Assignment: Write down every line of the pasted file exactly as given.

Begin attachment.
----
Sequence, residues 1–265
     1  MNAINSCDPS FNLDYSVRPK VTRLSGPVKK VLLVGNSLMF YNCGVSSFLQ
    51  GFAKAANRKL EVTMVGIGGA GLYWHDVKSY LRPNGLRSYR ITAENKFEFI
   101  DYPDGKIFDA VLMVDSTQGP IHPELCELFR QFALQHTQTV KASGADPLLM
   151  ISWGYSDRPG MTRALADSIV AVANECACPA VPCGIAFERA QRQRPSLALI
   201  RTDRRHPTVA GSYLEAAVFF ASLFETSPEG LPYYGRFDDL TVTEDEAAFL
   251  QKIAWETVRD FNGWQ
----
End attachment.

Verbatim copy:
Sequence, residues 1–265
     1  MNAINSCDPS FNLDYSVRPK VTRLSGPVKK VLLVGNSLMF YNCGVSSFLQ
    51  GFAKAANRKL EVTMVGIGGA GLYWHDVKSY LRPNGLRSYR ITAENKFEFI
   101  DYPDGKIFDA VLMVDSTQGP IHPELCELFR QFALQHTQTV KASGADPLLM
   151  ISWGYSDRPG MTRALADSIV AVANECACPA VPCGIAFERA QRQRPSLALI
   201  RTDRRHPTVA GSYLEAAVFF ASLFETSPEG LPYYGRFDDL TVTEDEAAFL
   251  QKIAWETVRD FNGWQ